Floyd Mayweather Jr. knows his audience, there's no doubt.
Boxing's superstar arrived in South Africa on Wednesday wearing a T-shirt with a bright yellow map of Africa on the front. Below it, his TMT logo (that stands for The Money Team) was in the colors of the South African flag.
Mayweather told South African fans he had arrived in the "motherland." He even said he might fight there one day.
"Money" Mayweather swooped into Johannesburg for the start of a four-city visit to South Africa and first trip to the African continent, and was hustled by security through a packed airport terminal into a Rolls Royce. He sped off with no more than a few words, delivered on the run, to hundreds who had gathered to greet him. It didn't seem to disappoint that many of them.
Later, Mayweather was more generous with his time, speaking to reporters for around an hour about his future fight plans and this trip. (That is, part of the audience was reporters. Many fans had somehow infiltrated the news conference, beefy security and all, meaning there were fewer questions and more statements of Mayweather's greatness.)
James Dalton, a former South African rugby international, stood and thanked "Mr. Mayweather" for making the trip and honoring South Africa. Rugby players are a big deal in South Africa, but Mayweather apparently is bigger.
No surprise there, given that Mayweather earned a guaranteed $41.5 million in his last bout, a dominant majority decision over Canelo Alvarez that was the richest fight in the world and generated around $150 million in TV sales alone.
And with those kinds of figures, the 36-year-old, five-division world champion is in no rush to give in to Manny Pacquiao's pleas for a fight, he said.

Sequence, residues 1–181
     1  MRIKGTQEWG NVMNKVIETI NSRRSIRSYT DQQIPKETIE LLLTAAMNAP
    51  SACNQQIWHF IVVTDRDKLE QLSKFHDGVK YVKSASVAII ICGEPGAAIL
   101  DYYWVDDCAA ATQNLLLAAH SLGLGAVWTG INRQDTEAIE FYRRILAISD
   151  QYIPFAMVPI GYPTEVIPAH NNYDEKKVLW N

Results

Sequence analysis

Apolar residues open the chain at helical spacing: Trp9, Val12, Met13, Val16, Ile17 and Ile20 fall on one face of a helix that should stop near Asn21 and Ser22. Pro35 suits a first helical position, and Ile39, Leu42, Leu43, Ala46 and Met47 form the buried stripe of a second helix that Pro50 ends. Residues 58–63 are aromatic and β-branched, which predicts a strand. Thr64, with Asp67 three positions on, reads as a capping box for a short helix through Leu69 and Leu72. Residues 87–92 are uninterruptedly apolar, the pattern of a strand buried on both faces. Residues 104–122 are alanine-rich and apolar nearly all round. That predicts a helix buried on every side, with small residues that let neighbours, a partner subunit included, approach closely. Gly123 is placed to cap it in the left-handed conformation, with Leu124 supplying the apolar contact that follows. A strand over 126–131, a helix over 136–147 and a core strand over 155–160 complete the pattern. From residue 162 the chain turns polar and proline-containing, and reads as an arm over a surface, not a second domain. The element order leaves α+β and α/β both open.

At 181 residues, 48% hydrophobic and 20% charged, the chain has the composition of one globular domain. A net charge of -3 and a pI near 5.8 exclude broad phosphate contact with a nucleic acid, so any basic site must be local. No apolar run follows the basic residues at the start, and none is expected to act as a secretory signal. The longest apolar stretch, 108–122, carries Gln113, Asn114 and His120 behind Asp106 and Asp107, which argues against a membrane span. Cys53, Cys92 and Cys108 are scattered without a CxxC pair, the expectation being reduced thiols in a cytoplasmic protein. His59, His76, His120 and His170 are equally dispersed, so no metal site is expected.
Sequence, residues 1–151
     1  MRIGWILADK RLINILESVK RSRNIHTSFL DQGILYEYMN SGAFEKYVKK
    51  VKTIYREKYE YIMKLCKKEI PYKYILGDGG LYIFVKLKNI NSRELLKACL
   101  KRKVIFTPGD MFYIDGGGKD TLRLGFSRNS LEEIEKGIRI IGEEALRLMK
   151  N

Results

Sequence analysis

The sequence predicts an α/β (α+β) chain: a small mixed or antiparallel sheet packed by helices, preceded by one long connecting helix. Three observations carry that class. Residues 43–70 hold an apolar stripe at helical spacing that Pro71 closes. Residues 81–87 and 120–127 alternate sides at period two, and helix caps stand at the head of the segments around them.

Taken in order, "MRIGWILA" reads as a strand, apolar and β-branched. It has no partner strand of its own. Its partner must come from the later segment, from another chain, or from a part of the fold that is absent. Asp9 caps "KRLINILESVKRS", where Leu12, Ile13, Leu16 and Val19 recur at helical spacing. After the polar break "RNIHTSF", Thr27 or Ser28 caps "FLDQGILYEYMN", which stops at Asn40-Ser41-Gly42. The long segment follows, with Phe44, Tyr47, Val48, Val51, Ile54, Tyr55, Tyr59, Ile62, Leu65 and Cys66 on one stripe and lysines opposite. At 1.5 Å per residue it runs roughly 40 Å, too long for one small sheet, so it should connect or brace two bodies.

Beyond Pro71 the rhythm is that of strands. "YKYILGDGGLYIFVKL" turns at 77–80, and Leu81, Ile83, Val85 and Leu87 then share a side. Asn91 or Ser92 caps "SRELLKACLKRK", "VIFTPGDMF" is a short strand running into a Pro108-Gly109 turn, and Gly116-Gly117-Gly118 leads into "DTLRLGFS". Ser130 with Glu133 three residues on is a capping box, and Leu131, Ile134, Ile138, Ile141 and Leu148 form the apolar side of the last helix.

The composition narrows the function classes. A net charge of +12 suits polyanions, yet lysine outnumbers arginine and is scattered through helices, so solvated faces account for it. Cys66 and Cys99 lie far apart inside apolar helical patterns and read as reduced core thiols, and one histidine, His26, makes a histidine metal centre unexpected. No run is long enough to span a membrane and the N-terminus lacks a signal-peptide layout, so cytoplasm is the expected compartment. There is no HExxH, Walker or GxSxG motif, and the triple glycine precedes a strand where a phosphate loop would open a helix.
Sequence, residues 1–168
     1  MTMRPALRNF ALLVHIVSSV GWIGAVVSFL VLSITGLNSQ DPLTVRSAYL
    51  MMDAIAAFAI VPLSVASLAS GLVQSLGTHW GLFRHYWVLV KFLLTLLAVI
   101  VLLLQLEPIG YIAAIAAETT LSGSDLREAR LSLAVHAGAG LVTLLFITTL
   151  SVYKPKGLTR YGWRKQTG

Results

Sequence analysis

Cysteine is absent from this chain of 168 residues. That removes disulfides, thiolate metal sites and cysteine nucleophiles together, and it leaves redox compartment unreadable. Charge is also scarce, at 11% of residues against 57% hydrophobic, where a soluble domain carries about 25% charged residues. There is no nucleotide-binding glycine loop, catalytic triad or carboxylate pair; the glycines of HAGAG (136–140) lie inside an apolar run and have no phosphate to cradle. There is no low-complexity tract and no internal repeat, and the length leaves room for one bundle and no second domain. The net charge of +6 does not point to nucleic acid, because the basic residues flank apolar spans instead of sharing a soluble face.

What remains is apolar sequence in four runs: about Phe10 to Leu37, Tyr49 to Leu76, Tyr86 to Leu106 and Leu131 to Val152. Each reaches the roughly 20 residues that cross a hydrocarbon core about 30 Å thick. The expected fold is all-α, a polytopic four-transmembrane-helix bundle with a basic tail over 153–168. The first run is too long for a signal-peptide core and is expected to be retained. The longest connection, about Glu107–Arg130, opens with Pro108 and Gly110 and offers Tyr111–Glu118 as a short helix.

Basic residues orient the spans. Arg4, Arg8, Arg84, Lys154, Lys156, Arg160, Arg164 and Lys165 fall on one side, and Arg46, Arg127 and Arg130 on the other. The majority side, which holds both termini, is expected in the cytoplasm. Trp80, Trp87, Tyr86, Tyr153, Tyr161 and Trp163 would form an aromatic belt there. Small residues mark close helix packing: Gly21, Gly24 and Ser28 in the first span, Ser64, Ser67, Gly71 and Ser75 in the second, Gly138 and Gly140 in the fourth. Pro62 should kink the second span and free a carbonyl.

"As far as my last fight with ... I can't even remember the guy's name. Canelo! They all the same to me," Mayweather said. "So, as far as my fight with Canelo, they said Floyd Mayweather's record could never be broken without the Pacquiao fight and as you have seen what we did, the fight done crazy numbers."
Mayweather also suggested Pacquiao's renewed desire to make their mega fight happen came out of desperation after the Filipino's back-to-back losses to Timothy Bradley and Juan Manuel Marquez in 2012, as well as his tax problems.
"I offered Manny Pacquiao the fight before," Mayweather said. "We didn't see eye to eye on terms. Years later we come back and I try and make the fight happen again. I offer him $40 million. He said he wanted 50-50. So we didn't make the fight happen.
"All of a sudden, he loses to Timothy Bradley, he loses to Marquez ... he has tax problems now. So, two losses and tax problems later, now he all of a sudden want to say: 'You know what? I'd do anything to make the fight happen,' when he's really saying: 'Floyd, can you help me solve my tax problems, get me out of debt?'"
Instead, Mayweather named Britain's Amir Khan as a possible opponent for his next fight, set for May 3 in Las Vegas. He said nothing was finalized but that he'd know within a week.
And it wasn't all business. Mayweather had a couple of good wisecracks saved up, too.
He said he didn't call himself "the greatest," because that was Muhammad Ali. Rather, he referred to himself as "TBE" -- the best ever. Asked how he would go about fighting Floyd Mayweather Jr., he replied, deadpan: "I wouldn't fight Floyd Mayweather."
Mayweather is due to also visit the cities of Bloemfontein, East London and Cape Town on his near week-long trip, which South Africa says will help "resuscitate" its struggling boxing code. And he gave South Africans a glimmer of hope of their own Mayweather mega fight.
"It's been a dream of mine to fight here," he said.
Information from The Associated Press is included in this report.